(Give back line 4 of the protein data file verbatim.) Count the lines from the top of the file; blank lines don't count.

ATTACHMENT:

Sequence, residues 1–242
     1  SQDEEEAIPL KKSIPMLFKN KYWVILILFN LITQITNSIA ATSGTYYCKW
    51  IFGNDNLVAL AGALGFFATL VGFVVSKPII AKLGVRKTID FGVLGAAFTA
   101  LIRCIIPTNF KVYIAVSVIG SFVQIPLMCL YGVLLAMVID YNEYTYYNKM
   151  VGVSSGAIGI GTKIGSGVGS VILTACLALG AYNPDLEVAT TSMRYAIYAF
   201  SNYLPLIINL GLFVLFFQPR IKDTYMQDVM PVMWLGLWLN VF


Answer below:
   101  LIRCIIPTNF KVYIAVSVIG SFVQIPLMCL YGVLLAMVID YNEYTYYNKM